Date of Award


Document Type



Environmental and Forest Biology

Thesis Advisor

Lee Newman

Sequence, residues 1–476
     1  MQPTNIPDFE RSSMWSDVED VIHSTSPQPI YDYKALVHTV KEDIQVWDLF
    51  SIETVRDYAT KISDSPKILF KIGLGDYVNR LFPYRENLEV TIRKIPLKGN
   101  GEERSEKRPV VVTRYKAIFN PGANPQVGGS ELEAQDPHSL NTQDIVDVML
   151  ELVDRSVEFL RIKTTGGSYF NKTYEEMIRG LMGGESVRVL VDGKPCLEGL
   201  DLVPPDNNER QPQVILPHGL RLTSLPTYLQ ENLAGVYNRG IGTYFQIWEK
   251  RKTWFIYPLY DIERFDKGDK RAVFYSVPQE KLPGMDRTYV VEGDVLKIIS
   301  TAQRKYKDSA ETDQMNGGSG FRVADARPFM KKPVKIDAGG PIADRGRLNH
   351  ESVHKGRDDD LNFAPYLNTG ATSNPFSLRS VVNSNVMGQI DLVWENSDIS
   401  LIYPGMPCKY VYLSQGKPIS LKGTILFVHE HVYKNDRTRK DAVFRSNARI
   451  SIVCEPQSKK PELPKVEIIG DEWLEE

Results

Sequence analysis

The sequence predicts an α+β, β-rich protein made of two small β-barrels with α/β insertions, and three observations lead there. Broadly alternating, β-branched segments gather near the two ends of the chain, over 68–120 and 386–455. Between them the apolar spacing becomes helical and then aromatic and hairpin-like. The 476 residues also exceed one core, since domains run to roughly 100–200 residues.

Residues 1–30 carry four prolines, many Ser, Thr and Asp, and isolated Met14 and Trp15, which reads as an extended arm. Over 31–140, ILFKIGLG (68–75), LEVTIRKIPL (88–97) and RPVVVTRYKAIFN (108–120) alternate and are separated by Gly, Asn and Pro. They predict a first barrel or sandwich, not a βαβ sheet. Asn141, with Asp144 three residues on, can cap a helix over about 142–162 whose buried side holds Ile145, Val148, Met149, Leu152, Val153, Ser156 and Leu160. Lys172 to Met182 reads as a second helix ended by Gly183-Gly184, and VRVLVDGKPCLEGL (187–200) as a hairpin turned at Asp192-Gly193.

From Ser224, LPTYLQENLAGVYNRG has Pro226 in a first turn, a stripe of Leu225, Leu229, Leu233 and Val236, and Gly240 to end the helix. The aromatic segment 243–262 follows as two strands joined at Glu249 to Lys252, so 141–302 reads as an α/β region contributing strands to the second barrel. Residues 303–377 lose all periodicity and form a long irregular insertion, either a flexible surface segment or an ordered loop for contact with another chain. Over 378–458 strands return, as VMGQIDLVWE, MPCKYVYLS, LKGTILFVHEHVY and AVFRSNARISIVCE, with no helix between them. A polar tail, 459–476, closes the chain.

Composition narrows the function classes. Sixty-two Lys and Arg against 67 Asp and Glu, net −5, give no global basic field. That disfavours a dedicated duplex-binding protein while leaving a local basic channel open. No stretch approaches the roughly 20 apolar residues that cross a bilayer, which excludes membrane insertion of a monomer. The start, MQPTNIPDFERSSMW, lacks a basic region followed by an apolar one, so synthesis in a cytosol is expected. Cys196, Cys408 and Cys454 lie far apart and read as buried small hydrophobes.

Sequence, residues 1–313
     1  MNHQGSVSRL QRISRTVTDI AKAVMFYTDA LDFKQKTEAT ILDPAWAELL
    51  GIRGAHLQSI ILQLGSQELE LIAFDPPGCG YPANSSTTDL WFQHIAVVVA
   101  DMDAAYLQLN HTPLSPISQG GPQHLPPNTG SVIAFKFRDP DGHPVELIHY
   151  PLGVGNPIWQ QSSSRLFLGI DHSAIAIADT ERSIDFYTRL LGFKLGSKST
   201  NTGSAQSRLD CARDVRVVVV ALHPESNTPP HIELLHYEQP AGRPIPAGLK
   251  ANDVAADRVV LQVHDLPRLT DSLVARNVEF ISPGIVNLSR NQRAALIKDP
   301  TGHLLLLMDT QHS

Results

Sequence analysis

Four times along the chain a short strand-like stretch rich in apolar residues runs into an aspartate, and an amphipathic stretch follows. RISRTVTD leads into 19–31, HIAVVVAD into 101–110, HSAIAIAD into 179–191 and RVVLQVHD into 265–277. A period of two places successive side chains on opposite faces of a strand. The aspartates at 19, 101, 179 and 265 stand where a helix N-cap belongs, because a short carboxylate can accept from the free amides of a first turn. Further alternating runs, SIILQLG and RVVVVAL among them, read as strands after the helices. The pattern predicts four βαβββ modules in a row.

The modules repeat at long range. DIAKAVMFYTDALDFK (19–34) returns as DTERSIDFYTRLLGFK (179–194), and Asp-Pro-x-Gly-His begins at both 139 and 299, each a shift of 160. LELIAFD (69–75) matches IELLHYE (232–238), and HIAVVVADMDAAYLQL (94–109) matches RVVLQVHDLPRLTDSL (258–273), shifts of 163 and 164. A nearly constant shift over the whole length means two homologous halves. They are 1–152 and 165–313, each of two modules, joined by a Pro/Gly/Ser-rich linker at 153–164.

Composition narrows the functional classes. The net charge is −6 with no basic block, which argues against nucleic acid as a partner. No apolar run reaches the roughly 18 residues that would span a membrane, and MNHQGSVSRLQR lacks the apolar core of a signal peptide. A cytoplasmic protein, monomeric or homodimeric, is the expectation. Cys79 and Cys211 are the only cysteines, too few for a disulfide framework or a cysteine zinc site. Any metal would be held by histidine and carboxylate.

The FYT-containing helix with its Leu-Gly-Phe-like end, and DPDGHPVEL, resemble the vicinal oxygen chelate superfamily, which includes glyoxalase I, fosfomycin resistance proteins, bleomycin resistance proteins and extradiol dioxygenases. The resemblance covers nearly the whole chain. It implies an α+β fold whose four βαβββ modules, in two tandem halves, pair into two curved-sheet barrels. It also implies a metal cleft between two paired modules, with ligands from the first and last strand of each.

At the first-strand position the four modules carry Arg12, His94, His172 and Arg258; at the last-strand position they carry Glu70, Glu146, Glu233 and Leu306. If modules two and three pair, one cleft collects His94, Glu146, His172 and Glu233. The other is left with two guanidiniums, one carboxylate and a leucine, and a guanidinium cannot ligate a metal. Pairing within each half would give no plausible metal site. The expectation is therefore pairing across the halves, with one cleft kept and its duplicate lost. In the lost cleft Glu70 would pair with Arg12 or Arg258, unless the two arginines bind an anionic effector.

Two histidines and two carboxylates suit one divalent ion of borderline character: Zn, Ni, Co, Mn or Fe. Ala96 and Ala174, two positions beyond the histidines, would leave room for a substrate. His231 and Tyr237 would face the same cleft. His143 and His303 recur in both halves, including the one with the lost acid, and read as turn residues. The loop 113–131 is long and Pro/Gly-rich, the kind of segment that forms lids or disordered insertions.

The use of injectable vaccines and pharmaceuticals pose logistical problems in many parts of the world. This problem has previously been investigated using various plants to produce pharmaceuticals, which would eliminate the problem of injection sterility. However, concentration determination in the harvested plants still pose a critical problem. For other medicines that might be cytotoxic, there is the additional problem that production in the living plant tissues could kill the plant before they could produce enough compound to be economically viable. The solution proposed by this project focused on the use of the promotor for a 58 kD protein in Capsicum to target pharmaceutical production to the ripened fruit of the red pepper plant. Due to time restraints in the lab this experiment and paper will focus on the isolation which can then be used in the future to begin work on the promotors. This avoids the issue of cytotoxicity as the promotor drives protein synthesis only in the final ripening states of the fruit, which can be harvested when ripened, thus preventing the entire plant from dying. These peppers can be harvested, ground and dried, providing a sample that can be tested for concentration and uniformly allocated into capsules. The protein has thus far been isolated from the chromoplast of the Capsicum fruit using a sucrose gradient centrifugation using a modified method for plant isolations. The next step will be the isolation of both mRNA and genomic DNA to search for the promoter regions using a cDNA clone for the protein of interest. Once the promoter regions are identified a DNA cassette can be produced containing a marker gene and inserted into a range of fruit bearing plants to determine which fruits produce the highest level of the marker, and also the timing of the marker. The final goal would be the insertion of a pharmaceutically relevant gene into the DNA cassette, and create transgenic plants that produce the desired compound only at the time of ripening thus preventing the entire plant being killed.